Even if some of digital's biggest fans agree with my polemic about photography, books, and musical instruments, others will insist that I'm just trotting out exceptions to the rule that digital is superior. We're used to film cameras and old-fashioned books, they'll say, just as vinyl-loving Luddites like me are used to the sound of LPs. That's why we like them. But for future generations, they'll say, everything will be digital, and should be. Why? Because digital is superior.

Will this circle of logic ever be broken? Not easily. It's spun from the seductive logic of idealism, one of the sorriest blind alleys in the history of metaphysics. For idealists, ideas are primary. They are the fundamental ingredient of the world—they determine the way the world is, and how we experience it. Mr. Arebalos says that the idea of recording and retrieving musical information digitally is better than the idea of dragging a stylus through a groove. I agree. But I don't accept his argument that, because of the supremacy of this idea, actual CD players sound better than actual turntables.

Why not? Because ideas are one kind of thing, CD players and turntables are another. I'm a realist. For me, material objects and electronic devices exist in themselves, independently of our ideas about them. At best, our ideas reflect, or correspond to, the world. They don't determine the way it is, and they never will. As Hamlet put it, "There are more things in heaven and in earth, Horatio, than are dreamt of in your philosophy."

I admit that there is some evidence for idealism. The world we know is, in some ways, directly a product of our minds and senses. Each of us, for example, has ideas about colors—that some things are red, others blue, etc. But colors don't really exist as such a discrete set. Instead, there's a smooth, continuous electromagnetic spectrum out there. But our eyes, nerves, and brain parse that spectrum into the neat little packets that we call "red," "blue," and so on. These separate colors seem real and objective, but in fact we "make it so," as Jean Luc Picard would say. Point for idealism.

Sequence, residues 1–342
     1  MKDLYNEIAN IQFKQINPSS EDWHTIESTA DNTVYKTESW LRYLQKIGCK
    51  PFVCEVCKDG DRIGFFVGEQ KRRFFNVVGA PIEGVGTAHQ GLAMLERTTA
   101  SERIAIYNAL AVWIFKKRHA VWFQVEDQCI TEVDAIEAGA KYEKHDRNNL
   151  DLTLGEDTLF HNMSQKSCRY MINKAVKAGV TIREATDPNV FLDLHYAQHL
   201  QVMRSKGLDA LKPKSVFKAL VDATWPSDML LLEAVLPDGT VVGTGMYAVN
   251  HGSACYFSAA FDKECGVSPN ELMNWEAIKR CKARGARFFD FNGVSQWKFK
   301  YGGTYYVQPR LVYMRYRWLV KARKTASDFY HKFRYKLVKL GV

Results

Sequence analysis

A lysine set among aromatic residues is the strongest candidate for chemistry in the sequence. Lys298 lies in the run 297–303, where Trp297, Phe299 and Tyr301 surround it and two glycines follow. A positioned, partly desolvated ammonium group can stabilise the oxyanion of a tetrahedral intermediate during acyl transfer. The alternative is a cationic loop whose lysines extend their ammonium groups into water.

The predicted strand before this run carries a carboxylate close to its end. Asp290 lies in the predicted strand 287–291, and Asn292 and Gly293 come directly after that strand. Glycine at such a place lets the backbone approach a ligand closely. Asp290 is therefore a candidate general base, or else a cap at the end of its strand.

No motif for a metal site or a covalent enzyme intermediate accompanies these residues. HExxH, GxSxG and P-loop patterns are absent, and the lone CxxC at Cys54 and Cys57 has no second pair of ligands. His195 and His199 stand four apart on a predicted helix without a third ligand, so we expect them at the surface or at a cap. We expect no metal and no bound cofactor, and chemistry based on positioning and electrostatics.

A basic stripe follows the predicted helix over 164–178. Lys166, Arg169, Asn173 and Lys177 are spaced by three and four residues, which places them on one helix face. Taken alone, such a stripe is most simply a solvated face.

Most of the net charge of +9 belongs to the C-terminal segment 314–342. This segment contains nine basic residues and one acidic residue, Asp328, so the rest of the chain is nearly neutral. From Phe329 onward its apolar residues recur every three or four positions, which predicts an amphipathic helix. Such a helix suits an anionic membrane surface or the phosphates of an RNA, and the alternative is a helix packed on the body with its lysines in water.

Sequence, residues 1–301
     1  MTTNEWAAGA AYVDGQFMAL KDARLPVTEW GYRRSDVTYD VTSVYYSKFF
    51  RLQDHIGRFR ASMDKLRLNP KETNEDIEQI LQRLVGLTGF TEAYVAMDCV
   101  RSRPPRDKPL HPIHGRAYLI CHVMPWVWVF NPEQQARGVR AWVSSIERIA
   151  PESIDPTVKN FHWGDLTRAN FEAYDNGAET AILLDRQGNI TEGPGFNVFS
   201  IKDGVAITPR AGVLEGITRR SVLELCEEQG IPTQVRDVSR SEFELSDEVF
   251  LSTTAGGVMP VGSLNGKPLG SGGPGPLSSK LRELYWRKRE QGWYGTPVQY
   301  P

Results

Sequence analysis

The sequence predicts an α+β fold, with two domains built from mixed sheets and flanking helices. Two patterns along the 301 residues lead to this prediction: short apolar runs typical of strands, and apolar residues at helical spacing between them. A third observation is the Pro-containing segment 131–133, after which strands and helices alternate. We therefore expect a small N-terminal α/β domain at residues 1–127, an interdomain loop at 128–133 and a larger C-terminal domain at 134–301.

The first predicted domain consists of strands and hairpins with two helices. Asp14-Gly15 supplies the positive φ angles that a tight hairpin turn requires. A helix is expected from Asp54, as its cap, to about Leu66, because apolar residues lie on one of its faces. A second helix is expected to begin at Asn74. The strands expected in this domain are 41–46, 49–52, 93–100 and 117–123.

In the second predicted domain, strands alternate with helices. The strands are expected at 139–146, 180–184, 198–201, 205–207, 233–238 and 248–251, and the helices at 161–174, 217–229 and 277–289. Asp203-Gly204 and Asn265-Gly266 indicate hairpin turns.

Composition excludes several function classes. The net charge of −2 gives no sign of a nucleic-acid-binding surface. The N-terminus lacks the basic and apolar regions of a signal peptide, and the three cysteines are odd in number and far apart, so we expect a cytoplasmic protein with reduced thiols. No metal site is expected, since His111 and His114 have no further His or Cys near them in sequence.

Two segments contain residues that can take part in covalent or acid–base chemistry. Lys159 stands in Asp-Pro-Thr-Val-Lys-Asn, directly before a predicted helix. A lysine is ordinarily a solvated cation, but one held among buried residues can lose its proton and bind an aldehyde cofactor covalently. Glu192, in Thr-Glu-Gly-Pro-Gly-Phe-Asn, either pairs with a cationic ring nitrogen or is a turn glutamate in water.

But realism soon pulls ahead. How do we know that God's paint box did not include tubes labeled "red," "green," and so on? From science, from empirical investigation of the world that is premised on realism—on the fact heaven and earth far outstrip our ideas. We have to perform experiments to find out, despite our ideas, what the world is really like. Two points for realism.

For those historically inclined, much of this debate comes from the 18th-century philosopher George Berkeley (1685–1753). In Berkeley's day, Isaac Newton's star was rising, and his physics was recognized as a premier intellectual achievement. But Berkeley had doubts. He was uneasy with the realist view that matter existed all by itself, for that would mean that the material world had a life of its own, apart from our ideas about it. No idealist will go there.